The Defense Department has instituted a ban on devices and applications that use geolocation for agency personnel while in locations designated as operational areas (OAs).
The announcement cites an increasing security risk presented by smartphones, tablets, smart watches, and software such as fitness trackers, all of which “potentially create unintended security consequences and increased risk to the joint force and mission.”
The ban takes effect immediately and covers both government-issued and personal devices and software. It includes physical fitness aids, applications in phones that track locations, and other devices and apps that pinpoint and track the location of individuals.
Fox News reported that the ban also includes dating apps such as Tinder.
“The rapidly evolving market of devices, applications and services with geolocation capabilities presents a significant risk to the Department of Defense personnel on and off duty, and to our military operations globally,” according to Pentagon spokesman Army Col. Robert Manning III.
The new policy does give some leeway to Combatant Commanders, however, to grant use of geolocation services at their discretion. Specifically, their use can be authorized after “conducting a threat-based comprehensive Operations Security (OPSEC) survey” or if the use of geolocation on government-issued devices is necessary to carry out a mission.
Giving Away Military Locations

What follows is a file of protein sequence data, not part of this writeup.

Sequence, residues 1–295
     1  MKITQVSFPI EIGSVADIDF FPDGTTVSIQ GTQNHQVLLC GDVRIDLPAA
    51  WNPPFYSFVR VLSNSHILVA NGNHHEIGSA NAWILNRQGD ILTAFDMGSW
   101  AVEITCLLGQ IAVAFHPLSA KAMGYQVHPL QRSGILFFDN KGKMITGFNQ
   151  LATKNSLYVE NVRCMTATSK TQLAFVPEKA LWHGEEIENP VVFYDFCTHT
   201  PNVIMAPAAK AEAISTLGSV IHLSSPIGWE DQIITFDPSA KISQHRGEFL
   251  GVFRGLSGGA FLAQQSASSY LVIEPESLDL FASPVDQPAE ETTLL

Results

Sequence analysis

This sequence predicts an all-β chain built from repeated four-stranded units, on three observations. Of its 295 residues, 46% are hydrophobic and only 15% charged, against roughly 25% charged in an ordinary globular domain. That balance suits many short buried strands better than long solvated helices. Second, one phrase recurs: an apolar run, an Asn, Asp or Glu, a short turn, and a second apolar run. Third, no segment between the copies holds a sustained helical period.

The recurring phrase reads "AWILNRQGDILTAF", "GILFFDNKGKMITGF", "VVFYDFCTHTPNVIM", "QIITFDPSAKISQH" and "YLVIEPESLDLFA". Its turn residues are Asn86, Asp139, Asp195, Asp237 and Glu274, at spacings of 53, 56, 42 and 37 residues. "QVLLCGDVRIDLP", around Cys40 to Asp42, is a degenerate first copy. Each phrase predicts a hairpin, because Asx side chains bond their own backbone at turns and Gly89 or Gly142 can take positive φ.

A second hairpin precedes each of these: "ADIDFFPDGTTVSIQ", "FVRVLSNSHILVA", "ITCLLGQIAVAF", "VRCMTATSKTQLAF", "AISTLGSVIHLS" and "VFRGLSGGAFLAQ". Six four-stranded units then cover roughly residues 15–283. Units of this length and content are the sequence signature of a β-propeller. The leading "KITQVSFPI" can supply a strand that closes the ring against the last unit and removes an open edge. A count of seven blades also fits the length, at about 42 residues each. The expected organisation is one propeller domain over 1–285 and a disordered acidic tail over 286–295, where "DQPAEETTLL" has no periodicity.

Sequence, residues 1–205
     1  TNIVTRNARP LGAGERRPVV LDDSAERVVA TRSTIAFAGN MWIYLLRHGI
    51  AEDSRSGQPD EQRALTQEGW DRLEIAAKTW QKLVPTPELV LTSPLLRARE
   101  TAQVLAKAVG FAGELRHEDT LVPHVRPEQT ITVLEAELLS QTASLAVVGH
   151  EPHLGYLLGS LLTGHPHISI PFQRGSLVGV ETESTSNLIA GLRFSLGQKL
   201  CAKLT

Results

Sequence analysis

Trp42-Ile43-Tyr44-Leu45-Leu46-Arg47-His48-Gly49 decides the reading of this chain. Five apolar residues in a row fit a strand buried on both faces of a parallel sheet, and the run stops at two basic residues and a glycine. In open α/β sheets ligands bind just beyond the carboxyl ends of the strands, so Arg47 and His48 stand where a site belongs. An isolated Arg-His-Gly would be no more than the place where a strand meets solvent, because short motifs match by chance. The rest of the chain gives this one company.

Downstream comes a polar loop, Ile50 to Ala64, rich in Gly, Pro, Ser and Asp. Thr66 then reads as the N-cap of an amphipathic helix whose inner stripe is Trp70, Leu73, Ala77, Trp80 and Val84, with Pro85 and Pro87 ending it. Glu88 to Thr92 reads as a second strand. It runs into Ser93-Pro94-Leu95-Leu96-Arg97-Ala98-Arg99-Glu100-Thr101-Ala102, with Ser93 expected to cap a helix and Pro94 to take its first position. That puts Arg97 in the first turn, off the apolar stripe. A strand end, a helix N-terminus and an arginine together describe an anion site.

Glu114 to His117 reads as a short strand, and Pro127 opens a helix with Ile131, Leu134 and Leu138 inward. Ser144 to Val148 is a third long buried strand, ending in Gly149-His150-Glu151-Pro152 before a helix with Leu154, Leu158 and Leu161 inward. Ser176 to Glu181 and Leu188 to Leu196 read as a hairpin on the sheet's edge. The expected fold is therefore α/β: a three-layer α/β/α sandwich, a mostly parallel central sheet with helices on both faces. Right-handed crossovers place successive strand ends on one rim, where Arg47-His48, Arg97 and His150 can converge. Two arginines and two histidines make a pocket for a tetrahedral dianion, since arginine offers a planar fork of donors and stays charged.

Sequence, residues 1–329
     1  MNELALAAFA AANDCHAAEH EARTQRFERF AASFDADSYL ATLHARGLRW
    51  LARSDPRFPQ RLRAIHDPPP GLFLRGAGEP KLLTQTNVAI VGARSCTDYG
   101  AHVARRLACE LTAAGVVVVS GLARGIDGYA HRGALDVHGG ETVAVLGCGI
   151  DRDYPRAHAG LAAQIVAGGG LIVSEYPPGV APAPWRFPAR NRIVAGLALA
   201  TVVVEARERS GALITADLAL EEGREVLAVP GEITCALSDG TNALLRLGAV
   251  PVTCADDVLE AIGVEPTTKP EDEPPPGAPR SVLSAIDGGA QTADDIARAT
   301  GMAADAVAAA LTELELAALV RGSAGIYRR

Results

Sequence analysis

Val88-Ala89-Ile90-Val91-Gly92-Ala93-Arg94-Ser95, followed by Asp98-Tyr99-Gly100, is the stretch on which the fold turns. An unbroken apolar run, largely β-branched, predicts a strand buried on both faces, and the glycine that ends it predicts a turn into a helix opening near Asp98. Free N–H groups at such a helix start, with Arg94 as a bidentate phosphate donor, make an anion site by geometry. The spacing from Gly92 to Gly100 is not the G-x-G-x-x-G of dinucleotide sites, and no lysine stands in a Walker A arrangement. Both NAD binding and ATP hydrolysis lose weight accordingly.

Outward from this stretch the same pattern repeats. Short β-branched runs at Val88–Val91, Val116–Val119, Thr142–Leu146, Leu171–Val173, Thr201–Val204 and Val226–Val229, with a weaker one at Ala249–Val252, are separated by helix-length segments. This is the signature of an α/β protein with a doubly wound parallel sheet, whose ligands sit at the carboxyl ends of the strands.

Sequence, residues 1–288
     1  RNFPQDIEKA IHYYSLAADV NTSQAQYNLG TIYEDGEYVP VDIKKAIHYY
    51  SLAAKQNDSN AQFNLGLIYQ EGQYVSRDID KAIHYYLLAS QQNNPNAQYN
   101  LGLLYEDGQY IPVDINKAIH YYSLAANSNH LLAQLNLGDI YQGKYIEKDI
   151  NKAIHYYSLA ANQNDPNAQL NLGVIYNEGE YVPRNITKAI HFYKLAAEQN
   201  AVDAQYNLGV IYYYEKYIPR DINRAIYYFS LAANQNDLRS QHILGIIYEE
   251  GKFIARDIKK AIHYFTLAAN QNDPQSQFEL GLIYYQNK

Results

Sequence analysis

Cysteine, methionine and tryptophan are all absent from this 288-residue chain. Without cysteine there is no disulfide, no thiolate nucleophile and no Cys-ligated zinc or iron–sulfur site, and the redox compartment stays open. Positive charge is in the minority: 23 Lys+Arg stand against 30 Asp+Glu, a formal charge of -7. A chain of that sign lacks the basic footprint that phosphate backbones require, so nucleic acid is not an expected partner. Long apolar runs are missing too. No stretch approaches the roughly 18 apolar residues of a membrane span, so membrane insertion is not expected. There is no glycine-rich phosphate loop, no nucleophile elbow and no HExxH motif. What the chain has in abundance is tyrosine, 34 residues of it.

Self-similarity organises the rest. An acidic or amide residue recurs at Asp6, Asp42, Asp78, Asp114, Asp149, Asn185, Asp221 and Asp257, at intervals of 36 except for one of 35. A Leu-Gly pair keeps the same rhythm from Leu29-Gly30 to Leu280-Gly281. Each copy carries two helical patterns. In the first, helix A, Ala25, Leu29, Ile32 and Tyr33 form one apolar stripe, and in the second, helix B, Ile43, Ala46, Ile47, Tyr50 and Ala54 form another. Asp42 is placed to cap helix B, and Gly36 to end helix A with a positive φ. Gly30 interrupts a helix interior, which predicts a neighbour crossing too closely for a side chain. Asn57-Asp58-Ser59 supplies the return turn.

The DoD announcement comes after news released earlier this year said that fitness tracking app Strava was giving away potentially sensitive information about military installations.
It turns out that military personnel were using the fitness tracking app for workouts when at the installations, and it tracks their locations to log the workout and the route, recording information such as distance covered. The map routes are then uploaded to the Internet where others can see them.
“If soldiers use the app like normal people do, by turning it on tracking when they go to do exercise, it could be especially dangerous,” Nathan Ruser, an analyst with the Institute for United Conflict Analysts, told The Guardian. He highlighted one particular track on a map that “looks like it logs a regular jogging route.”
One base cited in the article is not available on public maps such as Google and Apple maps, but its internal layout could be gleaned from looking at mapped jogging routes of soldiers there using the fitness tracking software.
A copy of the DoD memo is included below.